A study, published in The Lancet, suggests that frequent use of skunk – high-potency cannabis – significantly raises risks of developing psychotic disorders. Regular users of cannabis in the form of hashish, however, did not appear any more likely to become psychotic than the rest of the population. If this interpretation is correct, cannabis potency may be more ￼important … Continue reading Drug potency and the risk of psychosis
Some scientists have all the fun. A small team of entomologists have conjured up some new contraptions – devices made entirely of Lego building blocks. Their concepts, they say, will help scientists handle delicate insects. The device is called the pinned insect manipulator, or IMp. “It references the attendant imp of folklore that is usually cast as … Continue reading Lego to help handle delicate insects
Bang! Oxford University students’ wonderful science magazine, has a great list of 10 reasons octopuses are awesome. Much more sophisticated and intelligent than most of us think, the animals have more going for them than just their amazing camouflage abilities, as seen above, and their brute strength, below. More on the awesome octopus: An octopus leaps … Continue reading The awesome octopus
For years scientists believed that humans were the only species that sought out intoxicating substances, but that didn’t tally with Professor Ronald K. Siegel’s observations. So he set out to find if other animals could be secret stoners. He was first tipped off to the possibility when a mongoose he had in captivity lost its mate … Continue reading Why animals like taking drugs
Researchers at the University of Edinburgh have captured incredible time-lapse images of mouse kidneys growing in a lab. The time-lapse follows the development of the kidney from a group of cells into a complex organ. The research team identified an important molecule called beta-catenin that instructs cells to form specialised structures within the kidney. These structures, called nephrons, are … Continue reading How the kidney develops
A new book re-examines Aristotle’s contribution to our understanding of the natural world.
It turns out genes are not the reason some people are better than others at fighting infections. Belinda Smith reports.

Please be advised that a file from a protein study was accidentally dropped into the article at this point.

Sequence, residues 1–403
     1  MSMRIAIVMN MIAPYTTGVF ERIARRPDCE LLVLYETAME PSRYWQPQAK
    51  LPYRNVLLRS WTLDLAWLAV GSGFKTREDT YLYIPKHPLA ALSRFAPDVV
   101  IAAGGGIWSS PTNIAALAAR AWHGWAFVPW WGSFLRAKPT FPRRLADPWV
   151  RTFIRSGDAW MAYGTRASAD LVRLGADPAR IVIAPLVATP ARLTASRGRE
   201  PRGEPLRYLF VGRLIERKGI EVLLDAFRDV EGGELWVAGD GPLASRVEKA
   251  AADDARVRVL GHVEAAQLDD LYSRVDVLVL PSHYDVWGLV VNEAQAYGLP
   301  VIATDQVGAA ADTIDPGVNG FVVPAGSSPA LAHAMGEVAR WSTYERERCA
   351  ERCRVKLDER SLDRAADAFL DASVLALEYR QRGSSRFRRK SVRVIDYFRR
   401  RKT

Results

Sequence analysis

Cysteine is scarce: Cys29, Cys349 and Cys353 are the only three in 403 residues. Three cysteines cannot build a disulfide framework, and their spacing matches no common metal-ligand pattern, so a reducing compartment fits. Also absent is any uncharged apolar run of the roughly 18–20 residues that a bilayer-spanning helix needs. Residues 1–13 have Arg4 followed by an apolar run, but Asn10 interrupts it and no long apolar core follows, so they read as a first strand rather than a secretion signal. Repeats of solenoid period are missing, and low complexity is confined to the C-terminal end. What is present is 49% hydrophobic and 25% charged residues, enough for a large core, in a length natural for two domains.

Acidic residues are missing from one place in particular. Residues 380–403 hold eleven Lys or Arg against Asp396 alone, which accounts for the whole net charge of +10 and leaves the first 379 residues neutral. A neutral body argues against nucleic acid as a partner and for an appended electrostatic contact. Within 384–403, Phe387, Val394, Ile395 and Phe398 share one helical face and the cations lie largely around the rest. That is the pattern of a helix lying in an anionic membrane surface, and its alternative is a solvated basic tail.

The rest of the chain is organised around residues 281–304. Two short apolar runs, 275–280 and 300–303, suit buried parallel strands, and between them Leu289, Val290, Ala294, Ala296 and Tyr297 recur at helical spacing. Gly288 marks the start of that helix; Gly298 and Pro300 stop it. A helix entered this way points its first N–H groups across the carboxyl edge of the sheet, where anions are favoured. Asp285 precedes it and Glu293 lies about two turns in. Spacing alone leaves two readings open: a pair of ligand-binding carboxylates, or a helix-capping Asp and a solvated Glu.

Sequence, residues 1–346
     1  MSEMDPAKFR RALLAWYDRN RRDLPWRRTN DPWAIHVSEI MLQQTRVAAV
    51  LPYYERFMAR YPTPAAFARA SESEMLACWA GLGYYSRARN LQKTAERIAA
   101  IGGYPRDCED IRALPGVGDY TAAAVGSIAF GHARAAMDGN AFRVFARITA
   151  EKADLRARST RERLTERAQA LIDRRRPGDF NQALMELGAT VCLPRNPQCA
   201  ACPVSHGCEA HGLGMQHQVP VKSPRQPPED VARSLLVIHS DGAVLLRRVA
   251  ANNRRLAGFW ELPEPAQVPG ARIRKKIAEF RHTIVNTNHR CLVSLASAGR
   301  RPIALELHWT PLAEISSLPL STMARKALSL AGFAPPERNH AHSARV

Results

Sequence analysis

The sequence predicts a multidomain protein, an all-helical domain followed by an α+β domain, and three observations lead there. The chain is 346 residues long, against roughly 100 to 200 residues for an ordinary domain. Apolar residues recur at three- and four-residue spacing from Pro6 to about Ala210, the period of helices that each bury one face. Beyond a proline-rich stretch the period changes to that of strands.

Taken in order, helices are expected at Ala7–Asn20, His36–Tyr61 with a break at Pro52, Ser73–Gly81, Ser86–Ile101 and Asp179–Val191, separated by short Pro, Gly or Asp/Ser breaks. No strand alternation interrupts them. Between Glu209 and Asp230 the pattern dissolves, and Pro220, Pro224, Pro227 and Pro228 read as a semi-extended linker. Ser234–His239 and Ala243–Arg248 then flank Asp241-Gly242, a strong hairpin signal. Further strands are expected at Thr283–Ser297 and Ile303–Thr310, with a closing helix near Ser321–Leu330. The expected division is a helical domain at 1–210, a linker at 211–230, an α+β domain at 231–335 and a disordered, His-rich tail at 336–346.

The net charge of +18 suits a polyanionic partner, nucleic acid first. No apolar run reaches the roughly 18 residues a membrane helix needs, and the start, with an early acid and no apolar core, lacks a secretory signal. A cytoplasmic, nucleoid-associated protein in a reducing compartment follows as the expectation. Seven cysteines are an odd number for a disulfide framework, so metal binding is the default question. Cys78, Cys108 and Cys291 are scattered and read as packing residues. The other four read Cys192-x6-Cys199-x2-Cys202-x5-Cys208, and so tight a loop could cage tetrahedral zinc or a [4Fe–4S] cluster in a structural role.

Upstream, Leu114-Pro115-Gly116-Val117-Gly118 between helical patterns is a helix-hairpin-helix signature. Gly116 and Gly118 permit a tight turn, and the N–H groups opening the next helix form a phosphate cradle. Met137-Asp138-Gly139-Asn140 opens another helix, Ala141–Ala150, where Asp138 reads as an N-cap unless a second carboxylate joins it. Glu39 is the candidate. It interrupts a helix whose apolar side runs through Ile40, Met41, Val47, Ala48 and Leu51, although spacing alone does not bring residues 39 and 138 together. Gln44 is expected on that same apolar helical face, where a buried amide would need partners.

Drones can be used to spy on birds – and chewing gum turns out to be good for your teeth. James Mitchell Crow and Belinda Smith report on recent research.
Researchers at the University of Wyoming have discovered that adding capsaicin from chilli peppers to a diet can help to prevent weight gain. The researchers attempted to develop a way to stimulate energy metabolism in mice, without the need to restrict calorie intake. Two groups of mice were put on a high fat diet to induce obesity. … Continue reading A chilli a day keeps obesity away
A protein known to strengthen certain functions of the brain has now been shown to help strengthen the heart. The protein is known as BDNF (brain-derived neurotrophic factor). Scientists were already aware of some of its many properties – the protein acts as a natural antidepressant, bolsters learning and memory, nourishes blood vessels and helps keep … Continue reading Sound mind, sound body – connection
Researchers from Vanderbilt University in Nashville, Tennessee, USA used optical fiber and lasers to reset the circadian clocks in mice. The study’s findings, published in Nature Neuroscience, demonstrated that stimulating and suppressing particular neurons in mice – in a way that emulates their day and night activity levels – can act as a reset button for … Continue reading ‘Reset’ button for the body clock discovered
A recent study, published in the Journal of the National Cancer Institute, has found that people who drink more than four cups of coffee a day have a lower risk of developing malignant melanoma than non-coffee drinkers. The team of researchers, headed by Erikka Loftfield of the National Cancer Institute in the US, followed 447,357 participants for about 10½ years. They found that when … Continue reading Coffee decrease risk of melanoma